Board balks at $20 million cost hike for Towson University arena

By Andy Rosen

State fiscal leaders balked Wednesday at the price tag for a new arena at Towson University, after a design change intended to quell community opposition increased the expected cost by more than two thirds.

The Board of Public Works approved a contract that devotes $50,000 to construction management of the facility, but appear likely to be back with more questions when a larger construction contract comes before the board, made up of the governor, comptroller and treasure. The total cost of the new arena is expected to increase from about $41 million to about $62 million.

The plan to pay for the project doesn’t use direct state higher education funding. Instead it relies on fundraising, as well as bonds that will be repaid using revenue generated by the facility.

The project had originally been planned as an addition to the east side of the building, but community groups opposed that location.

The Rodgers Forge Community and the university went over several plans, and the school ultimately agreed to build on a sloping area on the northwestern side of the building. That option satisfied the association, but was the likely most expensive on the table. The school and the community group agreed on the location in February, nearly two years after planning began for the expansion.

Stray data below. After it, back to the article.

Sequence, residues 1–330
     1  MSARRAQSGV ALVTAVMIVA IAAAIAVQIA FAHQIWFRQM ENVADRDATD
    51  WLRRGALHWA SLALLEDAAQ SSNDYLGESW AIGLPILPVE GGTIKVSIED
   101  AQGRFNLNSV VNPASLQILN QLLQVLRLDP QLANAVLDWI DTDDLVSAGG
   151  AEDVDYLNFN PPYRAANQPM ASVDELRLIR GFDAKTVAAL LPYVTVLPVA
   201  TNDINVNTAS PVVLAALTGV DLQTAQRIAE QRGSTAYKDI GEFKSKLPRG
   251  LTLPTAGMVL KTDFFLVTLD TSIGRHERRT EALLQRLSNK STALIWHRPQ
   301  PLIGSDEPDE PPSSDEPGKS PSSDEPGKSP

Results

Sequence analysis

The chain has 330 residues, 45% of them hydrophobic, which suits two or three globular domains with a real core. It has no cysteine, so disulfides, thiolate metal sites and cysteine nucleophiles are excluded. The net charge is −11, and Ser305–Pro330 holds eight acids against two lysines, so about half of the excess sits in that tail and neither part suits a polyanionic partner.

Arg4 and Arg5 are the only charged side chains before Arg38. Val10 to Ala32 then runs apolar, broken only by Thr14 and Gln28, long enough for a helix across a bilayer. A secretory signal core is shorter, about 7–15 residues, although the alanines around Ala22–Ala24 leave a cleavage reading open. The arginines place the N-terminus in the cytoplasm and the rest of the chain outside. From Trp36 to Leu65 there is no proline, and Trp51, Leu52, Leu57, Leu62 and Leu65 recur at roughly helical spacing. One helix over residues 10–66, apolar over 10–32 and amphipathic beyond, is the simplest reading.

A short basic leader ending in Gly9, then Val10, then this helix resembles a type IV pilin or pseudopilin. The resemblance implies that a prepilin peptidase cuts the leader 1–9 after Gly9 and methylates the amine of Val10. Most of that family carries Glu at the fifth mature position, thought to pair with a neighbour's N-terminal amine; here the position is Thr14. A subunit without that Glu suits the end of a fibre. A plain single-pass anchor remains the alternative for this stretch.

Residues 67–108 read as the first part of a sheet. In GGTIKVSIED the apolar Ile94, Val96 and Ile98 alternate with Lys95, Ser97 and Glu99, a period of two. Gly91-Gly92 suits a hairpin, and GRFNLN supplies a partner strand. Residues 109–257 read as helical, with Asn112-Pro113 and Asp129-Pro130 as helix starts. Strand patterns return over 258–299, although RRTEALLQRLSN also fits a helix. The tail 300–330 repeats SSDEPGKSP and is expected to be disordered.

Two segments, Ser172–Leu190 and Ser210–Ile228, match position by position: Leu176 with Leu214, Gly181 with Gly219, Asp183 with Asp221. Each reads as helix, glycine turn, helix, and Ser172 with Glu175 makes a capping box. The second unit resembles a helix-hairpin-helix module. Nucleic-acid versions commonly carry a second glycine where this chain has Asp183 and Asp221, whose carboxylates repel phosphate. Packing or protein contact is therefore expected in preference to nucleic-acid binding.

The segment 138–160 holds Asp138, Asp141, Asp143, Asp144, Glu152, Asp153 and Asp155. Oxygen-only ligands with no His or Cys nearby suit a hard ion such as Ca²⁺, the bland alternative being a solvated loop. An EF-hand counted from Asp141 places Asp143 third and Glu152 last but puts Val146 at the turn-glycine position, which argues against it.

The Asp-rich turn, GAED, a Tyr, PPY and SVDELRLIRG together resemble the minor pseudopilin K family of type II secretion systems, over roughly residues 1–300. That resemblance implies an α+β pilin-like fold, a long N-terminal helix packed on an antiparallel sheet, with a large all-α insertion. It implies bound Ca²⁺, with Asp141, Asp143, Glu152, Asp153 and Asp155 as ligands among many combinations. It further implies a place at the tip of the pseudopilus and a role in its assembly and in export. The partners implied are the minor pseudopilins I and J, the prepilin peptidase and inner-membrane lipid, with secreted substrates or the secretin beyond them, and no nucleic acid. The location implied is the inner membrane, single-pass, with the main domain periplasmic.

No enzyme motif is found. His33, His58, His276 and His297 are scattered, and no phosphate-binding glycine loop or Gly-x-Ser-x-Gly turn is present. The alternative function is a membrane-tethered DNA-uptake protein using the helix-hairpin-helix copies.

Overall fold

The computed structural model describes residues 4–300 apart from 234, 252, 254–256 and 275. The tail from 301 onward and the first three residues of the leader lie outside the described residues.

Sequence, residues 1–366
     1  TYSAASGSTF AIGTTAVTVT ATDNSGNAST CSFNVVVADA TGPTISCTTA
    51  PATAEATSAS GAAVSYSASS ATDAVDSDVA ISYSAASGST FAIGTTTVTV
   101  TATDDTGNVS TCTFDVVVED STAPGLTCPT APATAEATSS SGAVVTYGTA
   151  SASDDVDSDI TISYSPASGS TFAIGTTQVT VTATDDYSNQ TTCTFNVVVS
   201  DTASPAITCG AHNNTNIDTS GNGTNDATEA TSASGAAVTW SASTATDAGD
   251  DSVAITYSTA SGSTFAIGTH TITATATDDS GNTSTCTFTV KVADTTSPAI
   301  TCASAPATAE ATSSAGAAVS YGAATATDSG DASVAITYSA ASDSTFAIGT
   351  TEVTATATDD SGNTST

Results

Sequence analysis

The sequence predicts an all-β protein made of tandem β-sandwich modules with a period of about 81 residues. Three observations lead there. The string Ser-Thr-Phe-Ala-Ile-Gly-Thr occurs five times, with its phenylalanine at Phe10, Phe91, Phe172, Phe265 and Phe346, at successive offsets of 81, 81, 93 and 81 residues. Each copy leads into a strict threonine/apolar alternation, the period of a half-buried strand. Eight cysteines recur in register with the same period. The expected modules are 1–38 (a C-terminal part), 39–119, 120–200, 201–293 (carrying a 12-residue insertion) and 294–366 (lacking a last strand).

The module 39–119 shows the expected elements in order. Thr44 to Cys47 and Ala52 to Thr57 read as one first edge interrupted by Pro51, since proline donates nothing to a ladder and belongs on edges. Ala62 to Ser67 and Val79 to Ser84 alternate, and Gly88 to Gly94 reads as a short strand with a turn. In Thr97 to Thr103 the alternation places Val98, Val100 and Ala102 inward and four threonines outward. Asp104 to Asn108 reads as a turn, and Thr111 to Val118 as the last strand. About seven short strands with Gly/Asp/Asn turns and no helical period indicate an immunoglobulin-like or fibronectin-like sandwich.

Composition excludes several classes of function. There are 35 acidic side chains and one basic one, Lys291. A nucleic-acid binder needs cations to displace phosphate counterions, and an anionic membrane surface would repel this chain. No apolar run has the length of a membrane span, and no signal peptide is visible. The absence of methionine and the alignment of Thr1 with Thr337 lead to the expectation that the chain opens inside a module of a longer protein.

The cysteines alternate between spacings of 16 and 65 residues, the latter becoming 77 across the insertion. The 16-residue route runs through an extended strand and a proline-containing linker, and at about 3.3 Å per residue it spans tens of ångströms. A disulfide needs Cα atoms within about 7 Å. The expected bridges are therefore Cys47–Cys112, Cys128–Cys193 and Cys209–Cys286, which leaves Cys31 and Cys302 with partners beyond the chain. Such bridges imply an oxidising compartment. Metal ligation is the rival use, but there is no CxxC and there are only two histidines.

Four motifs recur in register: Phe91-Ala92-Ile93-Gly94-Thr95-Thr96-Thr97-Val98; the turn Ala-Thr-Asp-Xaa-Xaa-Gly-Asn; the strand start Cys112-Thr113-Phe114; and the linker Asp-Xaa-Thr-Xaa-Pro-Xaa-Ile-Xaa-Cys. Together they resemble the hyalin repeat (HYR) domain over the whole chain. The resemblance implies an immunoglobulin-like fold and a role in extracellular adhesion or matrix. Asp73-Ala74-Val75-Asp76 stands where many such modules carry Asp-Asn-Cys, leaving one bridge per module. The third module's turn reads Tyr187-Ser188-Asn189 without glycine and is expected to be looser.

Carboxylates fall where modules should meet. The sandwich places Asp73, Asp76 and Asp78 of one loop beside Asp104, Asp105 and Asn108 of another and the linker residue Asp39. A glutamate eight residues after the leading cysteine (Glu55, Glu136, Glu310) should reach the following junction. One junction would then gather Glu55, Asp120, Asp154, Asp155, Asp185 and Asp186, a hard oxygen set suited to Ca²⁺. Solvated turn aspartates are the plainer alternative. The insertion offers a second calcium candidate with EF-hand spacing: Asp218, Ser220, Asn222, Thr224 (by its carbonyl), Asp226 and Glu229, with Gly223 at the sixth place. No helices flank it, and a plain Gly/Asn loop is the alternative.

Comptroller Peter Franchot said he was glad the community was satisfied, but questioned the cost.

“Have we just got piles of money lying around?” he asked.

The school plans to build a 5,000 seat arena attached to the existing Towson Center. Originally, the school studied renovating the current structure, but in the end decided that building an addition would be more cost effective. David Mayhew, facilities director for Towson, said the new structure would still be economical, even with the price increase. In addition, he pointed out that the plan allows the school to continue to use the existing structure while the addition is under construction.

The addition has been slated to begin construction next year, assuming approval by the BPW, and it would be completed in 2013. Lt. Gov. Anthony Brown sat in for Gov. Martin O’Malley at Wednesday’s meeting.

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